BOSTON (Reuters) - A class action lawsuit filed against New Balance accuses the Boston-based sneaker company of false advertising in claiming its toning walking shoes burned more calories and improved health.
The lawsuit, filed Monday in the U.S. District Court in Boston, calls New Balance’s marketing claims that the shoes increase muscle activation and calorie burn “false, misleading, and reasonably likely to deceive the public.”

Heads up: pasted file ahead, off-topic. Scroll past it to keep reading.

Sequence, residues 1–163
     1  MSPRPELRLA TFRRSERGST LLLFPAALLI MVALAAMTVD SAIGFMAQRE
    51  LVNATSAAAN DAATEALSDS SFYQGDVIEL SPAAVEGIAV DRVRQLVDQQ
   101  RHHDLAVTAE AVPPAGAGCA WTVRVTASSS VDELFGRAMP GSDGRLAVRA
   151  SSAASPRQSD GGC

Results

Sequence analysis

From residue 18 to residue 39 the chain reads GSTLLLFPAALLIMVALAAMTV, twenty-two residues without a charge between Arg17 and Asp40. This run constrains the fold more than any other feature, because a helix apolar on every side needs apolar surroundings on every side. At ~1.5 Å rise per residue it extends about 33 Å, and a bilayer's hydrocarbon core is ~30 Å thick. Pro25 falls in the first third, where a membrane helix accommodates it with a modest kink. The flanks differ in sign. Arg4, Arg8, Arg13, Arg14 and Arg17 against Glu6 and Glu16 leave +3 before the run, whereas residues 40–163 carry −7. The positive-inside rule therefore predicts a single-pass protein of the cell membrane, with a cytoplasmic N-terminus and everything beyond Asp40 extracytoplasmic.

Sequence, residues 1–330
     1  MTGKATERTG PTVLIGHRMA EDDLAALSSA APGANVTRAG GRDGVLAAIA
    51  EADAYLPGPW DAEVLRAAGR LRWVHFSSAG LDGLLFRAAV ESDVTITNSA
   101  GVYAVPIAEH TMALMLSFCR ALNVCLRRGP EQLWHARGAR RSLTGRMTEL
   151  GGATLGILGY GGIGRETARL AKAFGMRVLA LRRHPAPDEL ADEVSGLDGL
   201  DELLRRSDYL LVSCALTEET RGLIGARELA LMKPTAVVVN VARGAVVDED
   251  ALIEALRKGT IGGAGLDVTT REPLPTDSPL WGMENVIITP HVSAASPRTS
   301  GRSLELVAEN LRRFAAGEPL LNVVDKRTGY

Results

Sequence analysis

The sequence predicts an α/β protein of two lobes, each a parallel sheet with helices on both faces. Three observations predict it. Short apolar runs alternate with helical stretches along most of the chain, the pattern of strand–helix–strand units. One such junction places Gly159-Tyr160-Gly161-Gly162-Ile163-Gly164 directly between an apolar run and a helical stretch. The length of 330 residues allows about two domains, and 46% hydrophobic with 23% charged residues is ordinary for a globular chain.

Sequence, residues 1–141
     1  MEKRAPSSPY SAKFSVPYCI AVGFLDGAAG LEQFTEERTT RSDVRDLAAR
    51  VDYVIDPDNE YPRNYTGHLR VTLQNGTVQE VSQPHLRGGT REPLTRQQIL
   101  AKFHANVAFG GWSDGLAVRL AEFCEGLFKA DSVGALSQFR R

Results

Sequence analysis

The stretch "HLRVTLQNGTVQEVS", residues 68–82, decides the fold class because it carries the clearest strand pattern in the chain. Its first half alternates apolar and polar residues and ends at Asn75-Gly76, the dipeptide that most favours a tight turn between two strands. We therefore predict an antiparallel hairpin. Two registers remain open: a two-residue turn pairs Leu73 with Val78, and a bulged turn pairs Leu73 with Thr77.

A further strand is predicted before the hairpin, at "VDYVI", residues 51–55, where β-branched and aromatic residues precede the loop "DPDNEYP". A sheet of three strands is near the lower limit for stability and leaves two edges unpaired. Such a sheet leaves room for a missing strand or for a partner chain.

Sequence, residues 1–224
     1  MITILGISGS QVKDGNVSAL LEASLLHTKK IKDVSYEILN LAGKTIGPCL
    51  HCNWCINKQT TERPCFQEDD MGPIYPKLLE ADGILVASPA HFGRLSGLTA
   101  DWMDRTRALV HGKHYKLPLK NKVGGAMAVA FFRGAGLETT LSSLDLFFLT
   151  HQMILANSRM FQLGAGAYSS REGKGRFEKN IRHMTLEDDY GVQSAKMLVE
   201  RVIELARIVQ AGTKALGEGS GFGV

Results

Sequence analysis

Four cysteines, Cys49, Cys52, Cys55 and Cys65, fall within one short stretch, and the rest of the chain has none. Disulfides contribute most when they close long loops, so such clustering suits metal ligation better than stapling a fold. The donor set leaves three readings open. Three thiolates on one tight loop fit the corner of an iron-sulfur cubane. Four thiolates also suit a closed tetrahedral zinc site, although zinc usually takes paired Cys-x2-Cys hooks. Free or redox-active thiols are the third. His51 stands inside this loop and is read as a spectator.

The lawsuit was filed on behalf of plaintiff Bistra Pashamova and others like her who say they have been misled or harmed by the sneakers. Plaintiffs are seeking class action certification and more than $5 million in compensation.
On the New Balance website, the company says its truebalance toning sneaker, “uses hidden balance board technology that encourages muscle activation in the glutes, quads, hamstrings and calves, which in turn burns calories.”
Studies cited in the lawsuit say the sneakers, which cost roughly $100, do not necessarily boost health benefits and may even lead to injury.
Lawyers for the plaintiff and New Balance did not return calls seeking comment.
Reporting by Lauren Keiper, Editing by Greg McCune